Bogotá reopening from June 8

By Freek Huigen May 27, 2021

COVID restrictions will be lifted in less than two weeks as authorities try to respond to people’s needs.

Bogotá reopening last September -- things were different then.  Photo: Jared Wade
Bogotá reopening last September — things were different then. Photo: Jared Wade

Do you remember how it felt eight months ago when Bogotá reopened after the first peak? Well, it’s that time again. Though this time it’s different since fewer people stuck to the rules in the first place and we’re still in the midst of nationwide protests. Oh, and last time the COVID case numbers had fallen significantly.

But, open we will. Bogotá mayor Claudia López announced today that the capital will reopen from June 8. The reason? Economically, people are desperate and the restrictions are not helping. The mayor feels that it’s time to put people’s needs above the COVID restrictions.

“It sounds absolutely contradictory from an epidemiological point of view, to announce a reopening when ICU occupancy is at 97%,” she said. “But looking at the social, economic and political context – with deep institutional mistrust, unacceptable poverty and unemployment that is especially affecting women and young people – it is necessary to do so.”

The hope is that by June 8, the protests will have died down along with the case numbers.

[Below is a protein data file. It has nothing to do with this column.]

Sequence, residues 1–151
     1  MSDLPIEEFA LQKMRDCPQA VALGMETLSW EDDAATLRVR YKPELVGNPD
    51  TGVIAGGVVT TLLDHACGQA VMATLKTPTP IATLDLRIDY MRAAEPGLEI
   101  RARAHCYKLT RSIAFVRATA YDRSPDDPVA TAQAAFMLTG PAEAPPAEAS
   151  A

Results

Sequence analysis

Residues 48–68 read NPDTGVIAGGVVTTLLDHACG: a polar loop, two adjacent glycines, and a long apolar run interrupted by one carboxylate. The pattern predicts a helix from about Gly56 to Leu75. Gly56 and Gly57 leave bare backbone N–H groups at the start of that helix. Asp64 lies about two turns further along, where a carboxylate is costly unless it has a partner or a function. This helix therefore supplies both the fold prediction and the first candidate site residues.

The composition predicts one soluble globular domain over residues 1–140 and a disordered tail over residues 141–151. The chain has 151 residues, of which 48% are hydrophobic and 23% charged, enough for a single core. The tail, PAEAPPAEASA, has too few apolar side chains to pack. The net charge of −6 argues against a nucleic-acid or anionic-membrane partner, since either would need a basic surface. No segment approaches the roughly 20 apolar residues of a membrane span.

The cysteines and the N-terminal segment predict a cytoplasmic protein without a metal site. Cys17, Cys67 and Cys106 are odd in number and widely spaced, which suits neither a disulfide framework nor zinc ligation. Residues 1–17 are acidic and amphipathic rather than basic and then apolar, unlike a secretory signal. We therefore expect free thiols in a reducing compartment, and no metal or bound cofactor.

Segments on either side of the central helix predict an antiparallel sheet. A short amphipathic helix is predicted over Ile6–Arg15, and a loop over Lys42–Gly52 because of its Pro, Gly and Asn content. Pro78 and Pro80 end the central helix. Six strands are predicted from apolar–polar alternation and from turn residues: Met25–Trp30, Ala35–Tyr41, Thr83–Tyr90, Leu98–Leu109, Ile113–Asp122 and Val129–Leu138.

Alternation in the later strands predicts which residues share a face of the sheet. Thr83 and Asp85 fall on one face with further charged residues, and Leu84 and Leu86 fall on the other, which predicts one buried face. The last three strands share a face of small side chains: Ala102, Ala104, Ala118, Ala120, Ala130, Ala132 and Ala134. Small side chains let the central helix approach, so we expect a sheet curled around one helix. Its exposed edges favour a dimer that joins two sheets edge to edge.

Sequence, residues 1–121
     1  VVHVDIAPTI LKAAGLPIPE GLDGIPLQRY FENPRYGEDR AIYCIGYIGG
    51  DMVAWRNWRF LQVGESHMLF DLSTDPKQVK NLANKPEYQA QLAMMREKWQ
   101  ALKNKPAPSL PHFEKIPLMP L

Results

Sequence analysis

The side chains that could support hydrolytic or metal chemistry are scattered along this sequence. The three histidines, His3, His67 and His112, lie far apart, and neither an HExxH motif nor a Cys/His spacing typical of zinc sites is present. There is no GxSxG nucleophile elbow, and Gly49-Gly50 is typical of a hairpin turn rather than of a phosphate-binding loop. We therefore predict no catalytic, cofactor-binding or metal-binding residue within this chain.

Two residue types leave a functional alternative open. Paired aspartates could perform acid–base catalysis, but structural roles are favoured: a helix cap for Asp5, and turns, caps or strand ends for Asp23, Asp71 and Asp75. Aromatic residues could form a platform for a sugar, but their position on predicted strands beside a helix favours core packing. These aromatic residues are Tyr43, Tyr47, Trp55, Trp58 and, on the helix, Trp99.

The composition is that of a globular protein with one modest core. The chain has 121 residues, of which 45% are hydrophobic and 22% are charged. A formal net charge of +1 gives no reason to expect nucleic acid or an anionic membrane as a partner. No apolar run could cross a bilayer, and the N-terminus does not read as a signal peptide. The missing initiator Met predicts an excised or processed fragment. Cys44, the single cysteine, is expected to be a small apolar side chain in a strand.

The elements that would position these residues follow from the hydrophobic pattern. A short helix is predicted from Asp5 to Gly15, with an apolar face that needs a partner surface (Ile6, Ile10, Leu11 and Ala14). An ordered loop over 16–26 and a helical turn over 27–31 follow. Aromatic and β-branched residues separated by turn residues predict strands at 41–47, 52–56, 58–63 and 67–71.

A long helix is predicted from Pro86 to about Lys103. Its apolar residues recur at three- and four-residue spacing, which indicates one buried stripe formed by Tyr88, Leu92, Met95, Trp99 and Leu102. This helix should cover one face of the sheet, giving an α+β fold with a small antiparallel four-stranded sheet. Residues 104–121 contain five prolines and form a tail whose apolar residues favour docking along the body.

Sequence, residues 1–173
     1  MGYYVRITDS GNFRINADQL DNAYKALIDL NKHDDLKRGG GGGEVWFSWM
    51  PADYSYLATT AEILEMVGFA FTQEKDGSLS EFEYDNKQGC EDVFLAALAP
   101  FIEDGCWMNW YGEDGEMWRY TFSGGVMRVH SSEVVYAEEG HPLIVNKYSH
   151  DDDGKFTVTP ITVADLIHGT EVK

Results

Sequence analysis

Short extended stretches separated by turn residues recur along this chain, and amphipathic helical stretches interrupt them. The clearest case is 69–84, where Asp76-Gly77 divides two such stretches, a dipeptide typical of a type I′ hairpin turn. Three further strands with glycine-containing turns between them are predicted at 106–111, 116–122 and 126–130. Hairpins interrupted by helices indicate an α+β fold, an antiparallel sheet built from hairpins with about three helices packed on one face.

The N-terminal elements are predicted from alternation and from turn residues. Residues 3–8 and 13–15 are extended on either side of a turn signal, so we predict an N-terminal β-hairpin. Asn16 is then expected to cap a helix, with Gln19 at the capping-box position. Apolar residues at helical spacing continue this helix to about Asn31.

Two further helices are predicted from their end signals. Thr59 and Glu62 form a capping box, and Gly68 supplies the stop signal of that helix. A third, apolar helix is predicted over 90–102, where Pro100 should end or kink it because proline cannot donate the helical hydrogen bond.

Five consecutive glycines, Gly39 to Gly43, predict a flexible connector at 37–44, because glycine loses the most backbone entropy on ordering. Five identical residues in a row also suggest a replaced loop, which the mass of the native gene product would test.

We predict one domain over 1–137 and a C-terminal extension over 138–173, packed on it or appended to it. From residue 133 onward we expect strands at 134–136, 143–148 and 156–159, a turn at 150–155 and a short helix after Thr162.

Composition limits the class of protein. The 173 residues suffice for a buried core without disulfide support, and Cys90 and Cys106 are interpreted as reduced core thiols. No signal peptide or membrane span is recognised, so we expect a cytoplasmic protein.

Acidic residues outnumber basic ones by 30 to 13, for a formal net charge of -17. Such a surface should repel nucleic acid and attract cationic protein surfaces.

Bogotá reopening: June 8

Here’s what will change:

  • The night curfew and ley seca will be lifted completely.
  • Bars and gastropubs can now open until 1am, but they’ll need to have biosecurity measures in place.
  • Schools, nurseries and universities will be able to fully open again.

Big events like football matches and concerts won’t restart until the numbers go down.

Why the new attitude?

A few days ago, López apologised to the young people of the city, saying she had not fully understood the “magnitude of their anguish and their claims.” She said that she understood people were more worried about hunger and unemployment than they were about COVID. 

According to Nicolás Uribe, from the Bogotá Chamber of Commerce, “about 27% of young people in Bogotá neither study nor work; and there are about 585,000 young people for whom the business sector must build opportunities so that they can get ahead.”

The mayor has been recovering from contracting COVID herself and now wants to take steps to rebuild trust. Re-opening now is one of those steps.